Document Type

Dissertation

Date of Award

1983

School/College

College of Education (COE)

Degree Name

Ed.D., Counselor Education

Abstract

Problem

The purpose of this study was to determine the perceptions of Black freshmen and seniors toward counseling experiences at a historically Black urban university and at a historically White urban university.

Methodology

Four hundred and thirty-eight Black freshmen and seniors enrolled at a historically Black urban university and at a historically White urban university located in the Southeastern area of Texas during the spring session of the 1982-83 academic year constituted the available sample size from the identified population. To determine the perceived counseling experience of the Black freshmen and seniors, the Counseling Evaluation Inventory (Linden, Shertzer, & Stone, 1965) was administered. In order to determine whether there was a significant difference between the perceived counseling experience of Black freshmen and seniors, the analysis of variance test was employed. The .05 level of probability was pre established as a criterion of statistical significance.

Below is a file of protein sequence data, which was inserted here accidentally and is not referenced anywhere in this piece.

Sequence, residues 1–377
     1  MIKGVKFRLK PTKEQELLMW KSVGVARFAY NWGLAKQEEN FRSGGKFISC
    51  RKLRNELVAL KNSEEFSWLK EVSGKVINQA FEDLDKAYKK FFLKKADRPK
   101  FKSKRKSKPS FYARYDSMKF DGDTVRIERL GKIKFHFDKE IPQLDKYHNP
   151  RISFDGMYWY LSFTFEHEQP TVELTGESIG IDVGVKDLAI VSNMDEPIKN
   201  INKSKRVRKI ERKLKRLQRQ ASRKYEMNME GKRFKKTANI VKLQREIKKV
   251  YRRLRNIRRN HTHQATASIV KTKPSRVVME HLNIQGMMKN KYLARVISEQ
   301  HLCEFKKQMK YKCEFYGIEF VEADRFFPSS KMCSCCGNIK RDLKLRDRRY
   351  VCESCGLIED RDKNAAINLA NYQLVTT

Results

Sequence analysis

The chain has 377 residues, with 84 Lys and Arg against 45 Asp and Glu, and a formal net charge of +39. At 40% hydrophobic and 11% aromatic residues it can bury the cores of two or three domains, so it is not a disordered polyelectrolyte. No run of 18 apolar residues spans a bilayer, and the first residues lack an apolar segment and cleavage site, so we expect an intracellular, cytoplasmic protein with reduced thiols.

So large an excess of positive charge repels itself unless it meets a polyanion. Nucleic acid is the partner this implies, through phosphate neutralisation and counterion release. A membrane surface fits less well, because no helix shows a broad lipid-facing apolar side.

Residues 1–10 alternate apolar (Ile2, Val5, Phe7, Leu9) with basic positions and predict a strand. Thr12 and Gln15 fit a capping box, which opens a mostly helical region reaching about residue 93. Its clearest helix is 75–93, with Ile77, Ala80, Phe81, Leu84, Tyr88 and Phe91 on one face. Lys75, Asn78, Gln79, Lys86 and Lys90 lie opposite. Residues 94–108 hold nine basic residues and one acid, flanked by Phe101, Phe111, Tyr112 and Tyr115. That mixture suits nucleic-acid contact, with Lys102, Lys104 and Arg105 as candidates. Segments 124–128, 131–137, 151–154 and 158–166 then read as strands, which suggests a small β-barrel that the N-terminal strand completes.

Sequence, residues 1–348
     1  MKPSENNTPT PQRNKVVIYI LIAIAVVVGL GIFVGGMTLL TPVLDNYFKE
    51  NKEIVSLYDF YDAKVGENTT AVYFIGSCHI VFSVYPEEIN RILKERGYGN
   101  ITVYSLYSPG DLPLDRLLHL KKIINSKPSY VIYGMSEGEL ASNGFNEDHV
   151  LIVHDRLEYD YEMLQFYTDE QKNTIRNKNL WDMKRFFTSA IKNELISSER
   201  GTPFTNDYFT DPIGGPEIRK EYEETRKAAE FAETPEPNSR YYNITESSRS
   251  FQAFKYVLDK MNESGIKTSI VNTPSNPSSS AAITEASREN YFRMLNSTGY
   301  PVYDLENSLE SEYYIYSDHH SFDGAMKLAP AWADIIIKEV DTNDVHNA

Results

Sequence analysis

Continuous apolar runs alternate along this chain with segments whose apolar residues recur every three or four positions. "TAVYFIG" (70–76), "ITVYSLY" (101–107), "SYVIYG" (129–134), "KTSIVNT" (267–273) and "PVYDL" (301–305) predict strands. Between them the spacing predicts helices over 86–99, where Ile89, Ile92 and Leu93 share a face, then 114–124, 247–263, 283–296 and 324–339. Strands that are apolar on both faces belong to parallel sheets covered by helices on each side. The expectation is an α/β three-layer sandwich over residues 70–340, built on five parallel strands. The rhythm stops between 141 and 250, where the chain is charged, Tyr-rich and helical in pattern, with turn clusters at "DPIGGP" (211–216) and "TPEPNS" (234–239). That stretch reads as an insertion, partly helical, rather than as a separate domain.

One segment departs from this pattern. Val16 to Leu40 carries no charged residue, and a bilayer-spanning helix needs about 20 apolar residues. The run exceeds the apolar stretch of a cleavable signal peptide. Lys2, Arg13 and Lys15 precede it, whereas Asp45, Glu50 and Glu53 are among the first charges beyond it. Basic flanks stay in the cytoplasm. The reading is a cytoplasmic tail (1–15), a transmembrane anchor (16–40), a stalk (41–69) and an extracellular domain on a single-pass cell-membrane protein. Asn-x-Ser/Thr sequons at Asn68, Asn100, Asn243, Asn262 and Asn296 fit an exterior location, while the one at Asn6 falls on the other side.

Findings and Conclusions

The seven hypotheses formulated were based on the problem and tested for statistical significance at the .05 level of probability. No significant difference was found concerning how Black freshmen and seniors perceive the counseling experiences at a historically Black urban university or at a historically White urban university. The seven hypotheses in this study were retained. It was concluded that Black students (namely, freshmen and seniors) do not perceive the counseling center experiences significantly different regardless of their enrollment at a historically Black urban university or at a historically White urban university. Yet, the data did indicate that Black males (freshmen and seniors) at the historically White urban university perceived the counseling experiences less favorably than did Black females (freshmen and seniors) at the historically White urban university and Black males and females (freshmen and seniors) at the historically Black urban university.

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